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Bonfire Night 2013
Bonfire Night, also known as Guy Fawkes Night, is a celebration which takes place on the evening of the 5th of November across the United Kingdom. It celebrates the failure to blow up the Houses of Parliament by Guy Fawkes along with a group of conspirators in 1605.
Guy Fawkes and his friends were a group of Catholic extremists who desired to return England to the Catholic faith. They formulated a plan known as the 'Gunpowder Plot', intending to blow up the Houses of Parliament along with King James I and everyone in government. The conspirators had rolled 36 barrels of gunpowder into the cellars of the Houses of Parliament and were awaiting the King's arrival. The plan was foiled and the conspirators were arrested and executed.
The traditional celebrations take place across the country, with people organising their own Bonfire Night parties or by attending organised fireworks displays. They would stand around the bonfire and enjoy warming food like jacket potato and sausages, whilst watching a fireworks display. The night is closely associated with the popular rhyme which begins:
Remember, remember the fifth of November,
a reminder of the cheek of Guy Fawkes, trying to blow up the Houses of Parliament!
Children make effigies of Guy Fawkes which are named 'Guy' to throw on the bonfire. The 'Guy' would be made by stuffing old clothes with newspapers, a head crafted out of material with a face drawn on it. In the week leading on to 5th November, children would push the 'Guy' around in prams and push-chairs requesting 'A penny for the guy'. Adults give them money which would be spent on sweets rather than on fireworks which are not sold to children.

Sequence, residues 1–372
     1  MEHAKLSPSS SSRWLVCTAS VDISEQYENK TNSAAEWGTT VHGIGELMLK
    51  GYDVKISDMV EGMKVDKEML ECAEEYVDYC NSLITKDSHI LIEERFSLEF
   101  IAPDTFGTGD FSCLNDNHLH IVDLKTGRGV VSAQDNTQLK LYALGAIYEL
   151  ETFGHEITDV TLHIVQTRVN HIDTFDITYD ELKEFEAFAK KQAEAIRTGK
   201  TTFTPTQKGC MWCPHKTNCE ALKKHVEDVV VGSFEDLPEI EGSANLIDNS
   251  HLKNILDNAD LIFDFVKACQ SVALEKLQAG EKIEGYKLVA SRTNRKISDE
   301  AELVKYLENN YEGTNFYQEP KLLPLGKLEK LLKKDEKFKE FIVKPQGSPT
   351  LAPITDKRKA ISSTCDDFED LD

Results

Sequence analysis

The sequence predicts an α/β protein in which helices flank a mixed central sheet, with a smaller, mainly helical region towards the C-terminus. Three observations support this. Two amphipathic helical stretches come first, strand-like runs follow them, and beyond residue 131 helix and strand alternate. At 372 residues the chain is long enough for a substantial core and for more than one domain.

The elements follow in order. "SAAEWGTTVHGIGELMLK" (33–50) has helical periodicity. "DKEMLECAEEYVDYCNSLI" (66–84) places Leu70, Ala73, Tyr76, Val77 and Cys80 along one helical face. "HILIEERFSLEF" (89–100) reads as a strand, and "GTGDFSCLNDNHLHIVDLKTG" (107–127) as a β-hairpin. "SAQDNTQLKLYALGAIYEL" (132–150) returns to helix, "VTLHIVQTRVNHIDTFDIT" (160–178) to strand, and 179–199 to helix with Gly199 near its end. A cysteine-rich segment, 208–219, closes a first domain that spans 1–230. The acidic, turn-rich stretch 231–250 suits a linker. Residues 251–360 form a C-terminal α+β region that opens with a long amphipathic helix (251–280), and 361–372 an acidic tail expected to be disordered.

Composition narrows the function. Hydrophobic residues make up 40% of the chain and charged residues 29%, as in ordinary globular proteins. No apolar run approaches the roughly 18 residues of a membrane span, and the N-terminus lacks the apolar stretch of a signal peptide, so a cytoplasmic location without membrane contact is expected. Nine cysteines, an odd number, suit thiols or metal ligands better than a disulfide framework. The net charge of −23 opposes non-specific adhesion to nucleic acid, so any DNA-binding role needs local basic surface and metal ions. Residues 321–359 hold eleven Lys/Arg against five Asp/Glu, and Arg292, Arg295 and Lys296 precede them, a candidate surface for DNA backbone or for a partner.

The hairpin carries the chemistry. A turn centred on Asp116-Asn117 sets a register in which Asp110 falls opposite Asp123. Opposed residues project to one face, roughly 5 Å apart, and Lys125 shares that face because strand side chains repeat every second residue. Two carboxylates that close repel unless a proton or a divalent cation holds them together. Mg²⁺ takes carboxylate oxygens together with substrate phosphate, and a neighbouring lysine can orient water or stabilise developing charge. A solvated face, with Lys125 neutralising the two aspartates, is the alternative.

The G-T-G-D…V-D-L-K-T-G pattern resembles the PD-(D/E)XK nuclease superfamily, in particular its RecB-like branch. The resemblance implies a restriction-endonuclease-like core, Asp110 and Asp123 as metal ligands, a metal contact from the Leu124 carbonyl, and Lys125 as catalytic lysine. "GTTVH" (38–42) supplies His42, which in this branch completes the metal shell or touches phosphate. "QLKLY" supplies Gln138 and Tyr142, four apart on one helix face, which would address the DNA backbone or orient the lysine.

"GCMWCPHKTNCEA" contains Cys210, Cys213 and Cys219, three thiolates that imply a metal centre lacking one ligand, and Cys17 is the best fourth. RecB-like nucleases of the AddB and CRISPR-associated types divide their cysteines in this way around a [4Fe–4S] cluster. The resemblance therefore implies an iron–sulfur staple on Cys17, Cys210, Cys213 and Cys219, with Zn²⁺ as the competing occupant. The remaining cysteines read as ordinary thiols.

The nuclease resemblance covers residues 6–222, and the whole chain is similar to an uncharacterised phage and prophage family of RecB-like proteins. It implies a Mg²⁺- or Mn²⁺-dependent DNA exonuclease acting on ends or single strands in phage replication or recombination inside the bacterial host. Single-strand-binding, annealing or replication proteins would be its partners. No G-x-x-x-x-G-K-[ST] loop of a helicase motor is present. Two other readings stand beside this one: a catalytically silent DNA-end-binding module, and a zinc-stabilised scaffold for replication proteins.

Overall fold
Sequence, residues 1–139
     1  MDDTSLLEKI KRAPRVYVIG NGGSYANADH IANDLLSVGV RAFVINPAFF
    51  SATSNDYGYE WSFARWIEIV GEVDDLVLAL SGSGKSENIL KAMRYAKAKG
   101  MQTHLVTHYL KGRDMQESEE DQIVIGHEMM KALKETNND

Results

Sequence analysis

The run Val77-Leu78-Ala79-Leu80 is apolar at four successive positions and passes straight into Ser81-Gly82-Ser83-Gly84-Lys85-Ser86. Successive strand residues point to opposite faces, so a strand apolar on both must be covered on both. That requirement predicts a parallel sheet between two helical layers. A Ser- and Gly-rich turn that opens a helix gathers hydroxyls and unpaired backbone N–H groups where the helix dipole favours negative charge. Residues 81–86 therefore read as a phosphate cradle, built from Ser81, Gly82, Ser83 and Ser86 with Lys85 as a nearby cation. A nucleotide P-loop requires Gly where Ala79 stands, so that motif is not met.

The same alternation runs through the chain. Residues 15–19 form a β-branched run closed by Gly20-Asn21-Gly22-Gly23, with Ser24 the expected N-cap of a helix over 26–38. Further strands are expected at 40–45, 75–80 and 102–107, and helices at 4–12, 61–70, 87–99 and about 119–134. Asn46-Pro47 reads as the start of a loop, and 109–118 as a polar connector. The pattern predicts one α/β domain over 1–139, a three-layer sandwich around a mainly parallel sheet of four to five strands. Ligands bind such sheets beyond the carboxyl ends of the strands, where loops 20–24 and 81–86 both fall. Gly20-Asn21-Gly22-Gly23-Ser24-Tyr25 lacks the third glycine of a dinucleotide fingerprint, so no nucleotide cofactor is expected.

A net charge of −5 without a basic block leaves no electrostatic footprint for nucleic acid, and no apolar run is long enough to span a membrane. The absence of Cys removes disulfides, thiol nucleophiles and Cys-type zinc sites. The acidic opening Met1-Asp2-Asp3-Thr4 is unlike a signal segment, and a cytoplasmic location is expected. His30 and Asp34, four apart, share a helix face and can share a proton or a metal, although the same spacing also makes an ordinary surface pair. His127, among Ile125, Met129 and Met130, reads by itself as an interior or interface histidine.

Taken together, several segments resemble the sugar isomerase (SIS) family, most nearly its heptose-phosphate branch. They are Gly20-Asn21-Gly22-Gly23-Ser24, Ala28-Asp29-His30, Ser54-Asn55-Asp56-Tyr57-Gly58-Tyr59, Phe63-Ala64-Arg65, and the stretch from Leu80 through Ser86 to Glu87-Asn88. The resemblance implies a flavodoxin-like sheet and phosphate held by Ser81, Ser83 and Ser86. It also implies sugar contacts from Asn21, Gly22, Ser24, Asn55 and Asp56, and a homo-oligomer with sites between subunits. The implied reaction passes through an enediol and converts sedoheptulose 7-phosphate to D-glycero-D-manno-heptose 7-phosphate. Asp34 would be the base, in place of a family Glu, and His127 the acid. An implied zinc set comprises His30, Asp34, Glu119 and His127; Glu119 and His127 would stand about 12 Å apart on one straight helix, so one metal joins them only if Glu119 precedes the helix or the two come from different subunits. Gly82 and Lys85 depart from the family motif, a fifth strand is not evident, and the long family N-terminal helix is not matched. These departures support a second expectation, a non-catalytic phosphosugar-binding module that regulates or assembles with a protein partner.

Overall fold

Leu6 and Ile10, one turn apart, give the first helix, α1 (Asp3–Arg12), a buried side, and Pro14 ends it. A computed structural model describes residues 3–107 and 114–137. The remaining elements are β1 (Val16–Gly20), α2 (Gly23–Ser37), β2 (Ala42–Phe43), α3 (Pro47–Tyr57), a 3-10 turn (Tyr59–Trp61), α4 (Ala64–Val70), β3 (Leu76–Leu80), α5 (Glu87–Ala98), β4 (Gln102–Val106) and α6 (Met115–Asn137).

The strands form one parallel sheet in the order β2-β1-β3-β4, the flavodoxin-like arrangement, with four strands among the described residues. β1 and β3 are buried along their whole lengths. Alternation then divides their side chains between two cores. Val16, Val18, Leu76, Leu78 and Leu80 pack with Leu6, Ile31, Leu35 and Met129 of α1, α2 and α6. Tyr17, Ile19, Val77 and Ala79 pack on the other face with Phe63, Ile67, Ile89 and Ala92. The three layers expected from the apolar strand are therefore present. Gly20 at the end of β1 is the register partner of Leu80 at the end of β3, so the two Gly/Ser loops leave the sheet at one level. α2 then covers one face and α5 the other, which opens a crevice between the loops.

In the weeks leading up to 5th November, fireworks become widely available throughout the UK. A large number of injuries are caused at this time of year by the irresponsible use of fireworks. Recent years have seen increasing calls, from emergency service members amongst others, for a ban on the public sale of fireworks, allowing their use only at licensed displays. Less drastically, some have suggested that the use of fireworks should be permitted only on Bonfire Night itself or on the closest Saturday to that date. To this end The Fireworks Regulations 2004 came into force on 7th August 2004. This specifically prohibits detonation of fireworks after 23:00 except on specific days; restricts the sale of fireworks to certain windows during the year; and prohibits their sale to minors.
Sunday, 19 May, 2013